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Bergepanther Armoured Recovery Vehicle

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Up until 1944 the standard Wehrmacht vehicles for recovering tanks were the Famo F2 and F3 18-tonne half-tracks. With the advent of the heavier Panther and Tiger tanks the shortcomings of these vehicles became clear. Typically, two were required to recover a Panther and three for a Tiger. In 1944 the Heereswaffenamt requested a special recovery version of the Panther to be developed by Demag of Berlin-Falkensee. The vehicle developed was known as the Bergepanther (Recovery Panther).
Panthers returned to factories for re-manufacture were converted into Bergepanthers by removing the turret and cutting away the top of the superstructure. A powerful winch, driven by the main engine, was fitted into the fighting compartment and a metal box was fixed across the width of the hull, with wooden extensions on all sides. In most cases the transmission access panel in the front superstructure roof was removed entirely and a canvas top was erected to cover the open driver’s position.
A heavy hinged spade was fitted at the rear of most vehicles. This gave extra purchase when winching and was itself raised and lowered by use of the winch. Early vehicles had a relatively small, simple spade that was distinguished by its straight top edge. Later ones had a larger, deeper spade of a more complex design. This larger spade required longer exhaust pipes to be fitted with their outlets raised well above the level of the back decks in order to clear the spade when stowed.
A 2cm dismountable gun was provided for local defence. It was fitted on a pedestal welded to the top front of the glacis plate. A Fliegergerät anti-aircraft mount was sometimes welded onto this pedestal to take a 7.92mm MG 34 or 42 instead. A 1½ ton capacity jib was provided for lifting engines of disabled vehicles and could be fitted to either of two mountings at the rear of the superstructure. Vehicles could be towed using a three-piece tow bar assembly. Also, a large wood beam was carried on the left side of the superstructure and used for pushing vehicles. It was supported in use by two square plates welded to the vehicle nose.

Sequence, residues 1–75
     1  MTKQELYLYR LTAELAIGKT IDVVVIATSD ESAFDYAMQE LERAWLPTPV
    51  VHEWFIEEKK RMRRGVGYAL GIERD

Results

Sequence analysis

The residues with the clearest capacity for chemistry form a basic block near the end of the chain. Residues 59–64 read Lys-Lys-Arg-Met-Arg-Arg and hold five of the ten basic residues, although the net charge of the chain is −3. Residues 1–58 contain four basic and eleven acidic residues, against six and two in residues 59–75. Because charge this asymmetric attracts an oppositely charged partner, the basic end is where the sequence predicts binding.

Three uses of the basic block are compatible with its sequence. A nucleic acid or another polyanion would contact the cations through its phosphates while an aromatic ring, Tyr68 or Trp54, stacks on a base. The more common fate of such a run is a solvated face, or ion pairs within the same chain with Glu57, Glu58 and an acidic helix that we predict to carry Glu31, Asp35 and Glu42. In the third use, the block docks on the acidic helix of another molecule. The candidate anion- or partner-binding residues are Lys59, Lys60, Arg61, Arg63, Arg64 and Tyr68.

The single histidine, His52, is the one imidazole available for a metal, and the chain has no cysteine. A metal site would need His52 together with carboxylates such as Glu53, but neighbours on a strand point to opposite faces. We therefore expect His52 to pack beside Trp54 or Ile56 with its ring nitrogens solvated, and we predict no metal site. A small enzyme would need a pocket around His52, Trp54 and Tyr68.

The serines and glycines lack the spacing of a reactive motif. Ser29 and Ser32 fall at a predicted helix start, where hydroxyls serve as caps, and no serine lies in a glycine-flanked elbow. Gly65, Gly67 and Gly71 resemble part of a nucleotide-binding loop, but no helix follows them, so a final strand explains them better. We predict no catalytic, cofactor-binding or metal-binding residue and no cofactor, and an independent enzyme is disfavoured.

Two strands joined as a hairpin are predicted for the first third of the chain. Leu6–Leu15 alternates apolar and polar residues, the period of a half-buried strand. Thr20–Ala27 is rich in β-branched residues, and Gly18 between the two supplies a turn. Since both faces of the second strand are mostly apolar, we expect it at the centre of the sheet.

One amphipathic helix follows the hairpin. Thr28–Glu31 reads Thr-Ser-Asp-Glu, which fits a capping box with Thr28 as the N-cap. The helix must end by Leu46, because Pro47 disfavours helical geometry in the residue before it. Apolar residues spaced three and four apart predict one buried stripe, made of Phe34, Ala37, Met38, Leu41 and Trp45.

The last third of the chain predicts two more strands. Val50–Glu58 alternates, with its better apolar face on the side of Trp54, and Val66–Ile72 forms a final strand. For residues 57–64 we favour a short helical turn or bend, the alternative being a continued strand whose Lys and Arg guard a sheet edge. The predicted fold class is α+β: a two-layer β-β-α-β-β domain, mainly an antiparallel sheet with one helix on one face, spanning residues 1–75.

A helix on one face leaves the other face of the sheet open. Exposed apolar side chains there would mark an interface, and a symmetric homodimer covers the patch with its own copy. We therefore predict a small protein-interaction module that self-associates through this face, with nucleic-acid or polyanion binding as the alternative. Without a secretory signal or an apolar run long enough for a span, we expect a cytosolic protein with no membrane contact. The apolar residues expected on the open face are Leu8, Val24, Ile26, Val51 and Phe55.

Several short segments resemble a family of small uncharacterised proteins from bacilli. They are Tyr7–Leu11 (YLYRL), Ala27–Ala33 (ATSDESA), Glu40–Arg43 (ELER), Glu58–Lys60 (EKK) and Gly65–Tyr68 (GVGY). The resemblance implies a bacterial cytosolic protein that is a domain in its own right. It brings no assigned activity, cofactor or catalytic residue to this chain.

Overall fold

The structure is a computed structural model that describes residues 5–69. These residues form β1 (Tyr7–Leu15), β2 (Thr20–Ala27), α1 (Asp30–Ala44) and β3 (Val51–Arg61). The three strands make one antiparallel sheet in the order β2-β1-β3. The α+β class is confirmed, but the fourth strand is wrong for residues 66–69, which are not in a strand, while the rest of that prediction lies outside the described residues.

In total 297 Bergepanthers were converted. Most vehicles were based on the Ausf D and A but a small number of Ausf G chassis were also used. They all had increased fuel capacity. Bergepanthers without spades were used as towing vehicles while some, not fitted with winches, were used as ammunition and stores carriers and were designated Munitionspanzer Panther.
It is of interest to note that one Bergepanther hull was converted back into a tank by the fitting of a Panzer IV turret, and was used by sPzJgAbt 653 on the Eastern Front in 1944. It operated alongside a Befehlstiger (P) Porsche Tiger recovery vehicle and a T-34 fitted with a 2cm Flakvierling anti-aircraft mount, although the rest of the unit was equipped with Elefants. (Source: L. Archer).

Model Id:280
Manufacture:Deutsche Maschinenfabrik AG (Demag), Staaken, Berlin, Germany (Primary Bergepanther A-G manufacturer)
Henschel und Sohn, Kassel, Nordhessen, Germany (Secondary Bergepanther A manufacturer)

1) Museé Des Blindés, Saumur, France

Number of Photos: 6
Sample Photo from Album Number 69

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Unique ID: 69
Serial Number:
Other Identification:

This Bergepanther is unusual in being based on an Ausf G hull. It is missing its exhausts, spade, and various other fittings. (Rear view shown, before restoration, see also heading photograph). [Preserved Tanks in France: Number 177].

2) Auto und Technik Museum, Sinsheim, Germany

Number of Photos: 0
Sample Photo from Album Number 70

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Unique ID: 70
Serial Number:
Other Identification:

This incomplete Bergepanther was recovered from Czechoslovakia in about 1990. Its current status is not known. (Source: R. Fleming).